Veterans in the Rubber Band, a musical group at the VA Greater Los Angeles Healthcare System, may not party like rock stars, but they do write and play their own music.
The 20-member group of Veterans age 70 and older includes keyboards, guitar, xylophone and congas.
Lead singer U.S. Navy Veteran Jerry Fessler belts out a tune.
Army Veteran Renoul Singleton, a professional musician, joined the band in 2015.
“I’ve definitely benefited in more ways than I can describe,” he says. Singleton, who served in the Korean War, plays congas and teaches rhythm and vocal technique to fellow band members. “We’re struggling through a period of our lives [at our age]. There are no shaded trees and we want to be free. The music encourages us so that we can stand up to the fight.”
VA social worker Maureen Burruel coordinates the group.
“We’re doing a little bit of everything but, most importantly, the Veterans are participating in a fun, effective cognitive activity, keeping them engaged.”
Turning memory into song
Band member Morris Rosen, a Veteran of World War Two, remembers hitchhiking down the West Coast from Oregon to southern California shortly after leaving the service. He and Burruel worked together to turn his adventures into a Rubber Band song, “The 101,” which begins:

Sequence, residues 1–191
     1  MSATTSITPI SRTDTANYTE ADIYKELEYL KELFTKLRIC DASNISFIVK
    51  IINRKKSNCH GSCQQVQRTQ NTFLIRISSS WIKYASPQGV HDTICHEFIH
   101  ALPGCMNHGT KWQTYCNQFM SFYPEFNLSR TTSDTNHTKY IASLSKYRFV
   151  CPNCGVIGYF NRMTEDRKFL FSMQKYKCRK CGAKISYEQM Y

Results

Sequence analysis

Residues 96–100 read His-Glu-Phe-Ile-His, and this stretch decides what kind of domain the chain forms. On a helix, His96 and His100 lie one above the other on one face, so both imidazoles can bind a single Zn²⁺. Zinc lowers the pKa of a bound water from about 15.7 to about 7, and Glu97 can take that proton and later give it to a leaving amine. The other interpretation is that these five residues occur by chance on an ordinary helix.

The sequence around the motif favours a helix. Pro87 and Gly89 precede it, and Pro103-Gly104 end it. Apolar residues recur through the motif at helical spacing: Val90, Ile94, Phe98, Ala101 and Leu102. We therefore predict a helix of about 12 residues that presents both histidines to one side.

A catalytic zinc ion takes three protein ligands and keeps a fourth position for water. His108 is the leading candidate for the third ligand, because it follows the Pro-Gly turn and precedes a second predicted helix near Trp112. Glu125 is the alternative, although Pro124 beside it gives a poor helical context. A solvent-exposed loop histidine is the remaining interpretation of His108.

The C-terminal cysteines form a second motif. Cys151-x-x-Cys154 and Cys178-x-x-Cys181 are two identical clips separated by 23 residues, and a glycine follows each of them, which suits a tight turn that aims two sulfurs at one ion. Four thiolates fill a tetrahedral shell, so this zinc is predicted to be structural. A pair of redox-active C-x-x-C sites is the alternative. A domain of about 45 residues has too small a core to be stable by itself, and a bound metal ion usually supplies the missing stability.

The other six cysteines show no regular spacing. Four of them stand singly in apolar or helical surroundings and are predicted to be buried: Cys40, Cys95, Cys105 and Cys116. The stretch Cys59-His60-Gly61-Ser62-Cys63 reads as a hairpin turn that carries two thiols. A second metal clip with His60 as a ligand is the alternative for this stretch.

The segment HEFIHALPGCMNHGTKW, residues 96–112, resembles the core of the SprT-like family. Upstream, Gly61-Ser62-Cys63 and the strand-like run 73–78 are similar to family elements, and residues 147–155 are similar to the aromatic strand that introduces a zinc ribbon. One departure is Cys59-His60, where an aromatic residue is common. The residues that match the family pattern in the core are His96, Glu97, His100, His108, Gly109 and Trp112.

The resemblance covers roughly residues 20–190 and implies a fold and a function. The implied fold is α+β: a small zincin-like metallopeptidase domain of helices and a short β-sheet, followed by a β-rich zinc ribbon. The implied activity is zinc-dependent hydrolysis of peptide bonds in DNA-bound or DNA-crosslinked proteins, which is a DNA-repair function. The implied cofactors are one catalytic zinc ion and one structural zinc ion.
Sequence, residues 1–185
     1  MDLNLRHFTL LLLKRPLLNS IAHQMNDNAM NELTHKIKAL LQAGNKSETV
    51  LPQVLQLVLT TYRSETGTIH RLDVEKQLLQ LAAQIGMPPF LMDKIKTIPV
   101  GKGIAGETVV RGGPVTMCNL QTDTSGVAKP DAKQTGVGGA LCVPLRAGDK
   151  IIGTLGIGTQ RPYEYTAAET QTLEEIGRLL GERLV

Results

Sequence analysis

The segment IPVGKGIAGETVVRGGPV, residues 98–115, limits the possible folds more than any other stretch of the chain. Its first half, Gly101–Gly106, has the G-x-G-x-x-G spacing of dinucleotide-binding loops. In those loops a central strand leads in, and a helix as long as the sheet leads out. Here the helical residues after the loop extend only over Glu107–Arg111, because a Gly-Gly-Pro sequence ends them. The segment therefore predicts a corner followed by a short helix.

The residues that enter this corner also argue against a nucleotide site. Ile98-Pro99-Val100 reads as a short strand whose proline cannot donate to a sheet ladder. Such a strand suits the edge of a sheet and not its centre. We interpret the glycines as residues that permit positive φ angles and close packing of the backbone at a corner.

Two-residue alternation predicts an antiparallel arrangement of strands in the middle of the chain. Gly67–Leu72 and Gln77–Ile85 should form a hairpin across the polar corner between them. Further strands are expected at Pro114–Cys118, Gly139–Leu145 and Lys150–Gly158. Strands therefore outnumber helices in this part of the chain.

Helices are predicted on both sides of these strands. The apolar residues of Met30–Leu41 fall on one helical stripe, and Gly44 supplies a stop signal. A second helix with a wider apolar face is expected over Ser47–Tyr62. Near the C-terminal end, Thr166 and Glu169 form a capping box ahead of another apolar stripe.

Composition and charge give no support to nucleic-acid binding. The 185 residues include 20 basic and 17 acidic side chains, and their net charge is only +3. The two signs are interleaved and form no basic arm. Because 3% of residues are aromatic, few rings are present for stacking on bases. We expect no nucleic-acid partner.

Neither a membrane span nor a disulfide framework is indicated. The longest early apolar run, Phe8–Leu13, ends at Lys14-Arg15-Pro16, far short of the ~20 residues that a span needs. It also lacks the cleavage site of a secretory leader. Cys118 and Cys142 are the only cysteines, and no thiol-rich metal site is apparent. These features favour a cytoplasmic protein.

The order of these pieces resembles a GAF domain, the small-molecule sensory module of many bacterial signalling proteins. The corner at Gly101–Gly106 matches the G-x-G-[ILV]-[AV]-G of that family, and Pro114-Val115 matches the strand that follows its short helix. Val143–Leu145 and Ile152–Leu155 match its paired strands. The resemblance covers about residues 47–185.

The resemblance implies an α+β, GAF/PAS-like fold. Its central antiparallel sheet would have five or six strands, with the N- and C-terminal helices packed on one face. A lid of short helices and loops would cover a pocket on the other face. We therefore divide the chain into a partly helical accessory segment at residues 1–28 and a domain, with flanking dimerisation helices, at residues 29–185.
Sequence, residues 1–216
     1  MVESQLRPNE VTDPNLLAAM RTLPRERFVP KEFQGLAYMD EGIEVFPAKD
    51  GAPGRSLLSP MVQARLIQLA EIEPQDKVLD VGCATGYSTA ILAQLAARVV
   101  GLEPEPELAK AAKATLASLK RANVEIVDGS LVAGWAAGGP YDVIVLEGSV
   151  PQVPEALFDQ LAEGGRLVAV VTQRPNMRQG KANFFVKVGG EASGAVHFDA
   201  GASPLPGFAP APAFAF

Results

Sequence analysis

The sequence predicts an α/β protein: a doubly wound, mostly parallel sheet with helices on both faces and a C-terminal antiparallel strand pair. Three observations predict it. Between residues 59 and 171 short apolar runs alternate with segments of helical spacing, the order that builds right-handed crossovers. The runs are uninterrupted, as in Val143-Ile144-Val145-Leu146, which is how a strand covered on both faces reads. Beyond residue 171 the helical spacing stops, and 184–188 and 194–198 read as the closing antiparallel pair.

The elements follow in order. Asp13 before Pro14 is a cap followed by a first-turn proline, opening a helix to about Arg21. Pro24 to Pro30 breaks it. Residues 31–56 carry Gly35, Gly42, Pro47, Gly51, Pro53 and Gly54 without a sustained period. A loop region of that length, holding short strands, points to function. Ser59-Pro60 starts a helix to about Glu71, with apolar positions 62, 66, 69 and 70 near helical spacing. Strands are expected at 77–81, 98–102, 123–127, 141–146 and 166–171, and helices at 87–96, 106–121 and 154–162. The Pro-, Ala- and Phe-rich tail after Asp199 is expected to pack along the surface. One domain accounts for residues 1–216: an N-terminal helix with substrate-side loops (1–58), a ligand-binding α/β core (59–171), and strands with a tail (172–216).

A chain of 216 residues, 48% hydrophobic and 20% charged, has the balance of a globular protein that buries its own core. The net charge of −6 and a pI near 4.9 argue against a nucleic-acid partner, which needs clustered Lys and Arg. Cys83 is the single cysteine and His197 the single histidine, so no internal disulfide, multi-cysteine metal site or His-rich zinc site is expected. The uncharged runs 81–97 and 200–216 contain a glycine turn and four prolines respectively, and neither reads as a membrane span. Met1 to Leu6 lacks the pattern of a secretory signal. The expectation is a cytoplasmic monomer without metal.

Stuck my thumb out on the 101
Looking for adventure and some fun
Got a ride in a Model A all the way to Monterey
The blossom of the orange trees
Smells so good in the ocean breeze
Healing power of music
Rubber Band member Veteran Morris Rosen.
Los Angeles VA psychologist Dr. Falguni Chauhan says that for Veterans, playing in the Rubber Band is not only fun but helps reduce anxiety, improve healing and increase attention and communication.
“The Veterans express and work through difficult emotions using rhythm, movement, instruments and senses like sound, touch, visualization and more,” he said.
Burruel hopes to help other VA facilities establish their own musical groups.
“After seeing the results, people want to keep going,” says Singleton. “We’re a team, everybody seems open and we stand on common ground. We’re all supporting one another too.”
Read more at:
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Music matters: How to bring more music into your life
Veterans enjoy music therapy at Community Living Center
Michiko Riley is a public affairs specialist at the VA Greater Los Angeles Healthcare System.